By Julia Bradshaw
A collection of photographs recently donated to the Museum graphically illustrate the difficult living and working conditions that road builders in New Zealand endured prior to 1935.
The Public Works Department Camp where workers building the Lewis Pass road were housed. Canterbury Museum 2018.13.29
Roy Murphy, whose grand-daughter donated the photographs, was one of the several hundred men employed during the late 1930s to complete the job of turning what had been a foot track and cattle droving route from North Canterbury to the West Coast into a road. The Canterbury Progress League had been lobbying for another road to link east and west and open up the area for recreation and settlement since the late 1920s.
The start of the Great Depression in 1929 led to Government spending more on public works, particularly road-building, to provide work and offset radically reduced spending by the private sector. Work on the Lewis Pass road started in the early 1930s but progress was frustratingly slow.
Lewis Pass road under construction in the 1930s. Canterbury Museum 2018.13.26
Working and living conditions for the men employed on the road were tough. Work was done by hand in dangerous and sometimes very cold conditions. The men worked 6 days a week, lived in tent camps and cooked for themselves, buying food from the closest store, often run by the Public Works Department. Sundays would be spent on domestic tasks such as washing clothes.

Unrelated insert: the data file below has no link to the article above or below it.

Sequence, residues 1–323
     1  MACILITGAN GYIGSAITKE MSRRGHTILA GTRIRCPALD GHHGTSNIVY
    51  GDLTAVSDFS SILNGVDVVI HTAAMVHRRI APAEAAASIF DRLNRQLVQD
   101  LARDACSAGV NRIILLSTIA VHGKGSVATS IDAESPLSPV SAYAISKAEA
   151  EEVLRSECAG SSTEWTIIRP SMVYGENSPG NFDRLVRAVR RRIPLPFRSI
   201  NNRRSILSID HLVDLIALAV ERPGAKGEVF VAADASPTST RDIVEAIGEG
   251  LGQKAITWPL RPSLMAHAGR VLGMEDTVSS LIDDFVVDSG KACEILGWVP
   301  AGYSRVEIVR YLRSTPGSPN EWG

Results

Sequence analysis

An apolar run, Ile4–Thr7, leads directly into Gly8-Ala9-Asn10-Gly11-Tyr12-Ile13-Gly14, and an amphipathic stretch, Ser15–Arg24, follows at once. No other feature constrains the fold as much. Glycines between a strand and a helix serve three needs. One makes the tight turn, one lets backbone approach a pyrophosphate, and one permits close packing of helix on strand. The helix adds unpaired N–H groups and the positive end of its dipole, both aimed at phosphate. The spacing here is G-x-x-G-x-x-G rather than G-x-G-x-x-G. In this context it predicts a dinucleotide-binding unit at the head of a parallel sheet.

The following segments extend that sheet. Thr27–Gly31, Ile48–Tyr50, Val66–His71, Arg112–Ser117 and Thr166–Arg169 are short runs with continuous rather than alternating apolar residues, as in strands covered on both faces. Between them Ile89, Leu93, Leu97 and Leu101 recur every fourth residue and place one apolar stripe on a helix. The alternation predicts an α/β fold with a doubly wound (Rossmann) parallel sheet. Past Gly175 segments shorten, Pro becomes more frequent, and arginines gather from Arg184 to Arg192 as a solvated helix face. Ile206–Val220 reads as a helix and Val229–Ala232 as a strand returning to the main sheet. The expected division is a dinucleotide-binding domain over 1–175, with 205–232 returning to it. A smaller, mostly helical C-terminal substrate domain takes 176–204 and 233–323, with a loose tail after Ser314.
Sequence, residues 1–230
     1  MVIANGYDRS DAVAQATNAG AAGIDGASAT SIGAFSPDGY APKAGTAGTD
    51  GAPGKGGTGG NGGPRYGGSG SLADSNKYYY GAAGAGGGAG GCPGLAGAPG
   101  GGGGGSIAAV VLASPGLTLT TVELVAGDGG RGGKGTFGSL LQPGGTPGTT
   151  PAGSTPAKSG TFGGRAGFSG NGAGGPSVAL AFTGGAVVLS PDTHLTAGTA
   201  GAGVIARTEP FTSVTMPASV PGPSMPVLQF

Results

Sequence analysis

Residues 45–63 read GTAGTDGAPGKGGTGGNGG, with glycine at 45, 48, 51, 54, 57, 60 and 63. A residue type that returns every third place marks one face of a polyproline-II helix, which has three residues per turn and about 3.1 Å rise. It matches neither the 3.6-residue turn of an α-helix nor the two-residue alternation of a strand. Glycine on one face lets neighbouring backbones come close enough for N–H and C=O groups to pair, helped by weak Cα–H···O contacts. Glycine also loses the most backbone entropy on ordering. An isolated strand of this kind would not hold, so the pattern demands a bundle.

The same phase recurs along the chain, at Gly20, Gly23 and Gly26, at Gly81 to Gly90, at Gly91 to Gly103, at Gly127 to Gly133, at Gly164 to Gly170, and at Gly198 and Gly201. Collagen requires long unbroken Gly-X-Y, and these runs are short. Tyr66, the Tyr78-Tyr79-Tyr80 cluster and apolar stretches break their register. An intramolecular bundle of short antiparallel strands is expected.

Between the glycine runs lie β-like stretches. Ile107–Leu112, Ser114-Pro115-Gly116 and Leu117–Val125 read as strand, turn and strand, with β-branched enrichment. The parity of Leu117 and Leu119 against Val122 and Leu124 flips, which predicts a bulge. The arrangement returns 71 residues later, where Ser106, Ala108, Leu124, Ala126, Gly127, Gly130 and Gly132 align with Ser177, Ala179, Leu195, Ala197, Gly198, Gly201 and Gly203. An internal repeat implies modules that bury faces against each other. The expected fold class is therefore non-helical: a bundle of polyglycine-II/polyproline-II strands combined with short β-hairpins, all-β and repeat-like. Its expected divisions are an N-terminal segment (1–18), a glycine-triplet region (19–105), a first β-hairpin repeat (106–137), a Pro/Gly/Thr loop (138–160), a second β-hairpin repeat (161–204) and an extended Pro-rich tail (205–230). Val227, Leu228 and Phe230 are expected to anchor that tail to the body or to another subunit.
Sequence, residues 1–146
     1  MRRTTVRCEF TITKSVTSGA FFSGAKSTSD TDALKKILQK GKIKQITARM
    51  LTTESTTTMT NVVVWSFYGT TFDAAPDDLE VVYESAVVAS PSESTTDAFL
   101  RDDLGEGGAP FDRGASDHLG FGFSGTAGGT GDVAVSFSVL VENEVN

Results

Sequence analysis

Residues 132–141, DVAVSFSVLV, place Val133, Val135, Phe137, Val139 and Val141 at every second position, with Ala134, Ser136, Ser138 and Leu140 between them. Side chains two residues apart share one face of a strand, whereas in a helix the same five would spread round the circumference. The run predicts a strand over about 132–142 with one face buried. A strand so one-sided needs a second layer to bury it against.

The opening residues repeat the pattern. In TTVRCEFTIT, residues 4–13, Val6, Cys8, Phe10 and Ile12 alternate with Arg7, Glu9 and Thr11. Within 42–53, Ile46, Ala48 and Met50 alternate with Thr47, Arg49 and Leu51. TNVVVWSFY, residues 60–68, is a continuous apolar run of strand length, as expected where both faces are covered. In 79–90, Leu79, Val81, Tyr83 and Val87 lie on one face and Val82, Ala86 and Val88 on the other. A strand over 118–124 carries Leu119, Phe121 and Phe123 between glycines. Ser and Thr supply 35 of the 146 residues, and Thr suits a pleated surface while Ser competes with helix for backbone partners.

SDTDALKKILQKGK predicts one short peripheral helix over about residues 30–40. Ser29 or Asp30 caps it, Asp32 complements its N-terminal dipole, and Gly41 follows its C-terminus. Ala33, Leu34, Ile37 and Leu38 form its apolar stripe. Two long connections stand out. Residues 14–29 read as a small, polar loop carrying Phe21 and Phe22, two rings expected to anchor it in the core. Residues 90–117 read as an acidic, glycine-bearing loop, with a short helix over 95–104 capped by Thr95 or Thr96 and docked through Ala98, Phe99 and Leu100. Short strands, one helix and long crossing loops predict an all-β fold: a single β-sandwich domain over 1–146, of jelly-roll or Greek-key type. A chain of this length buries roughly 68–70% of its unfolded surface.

In the lead-up to the 1935 General Election £25,000 was voted for the completion of the project. The election resulted in a change of government with the Labour party forming the government for the first time. Bob Semple, previously a union leader, was appointed the Minister of Public Works. Concerned about the uneconomic and demoralising system in use for Public Works, Semple introduced a 40 hour week, increased wages, introduced pay parity for Māori and improved living conditions. This included no longer charging workers rent for tents.
A man cuts a boys hair at the Public Works Department Camp. Roy Murphy is in the background reading a newspaper. Canterbury Museum 2019.13.28
The narrow gravel road between Hanmer and Murchison officially opened in October 1937 with over £200,000 having been spent on it. Since then the road has been continually improved and the two lane sealed highway, now known as State Highway 7, is an important route between Canterbury, the West Coast and Nelson. When State Highway 1 was closed after the Kaikōura earthquakes in November 2016, State Highway 7 was for many months the only route between Nelson and Christchurch.
Roy Murphy returned to Christchurch after the road was finished and married soon afterwards. He died in Christchurch in 1972.
Roy Murphy with horse and cart while building the Lewis Pass Road. Canterbury Museum 2018.13.30
View the full collection of Roy's photos here.
Julia Bradshaw is Senior Curator Human History and Acting Curatorial Manager.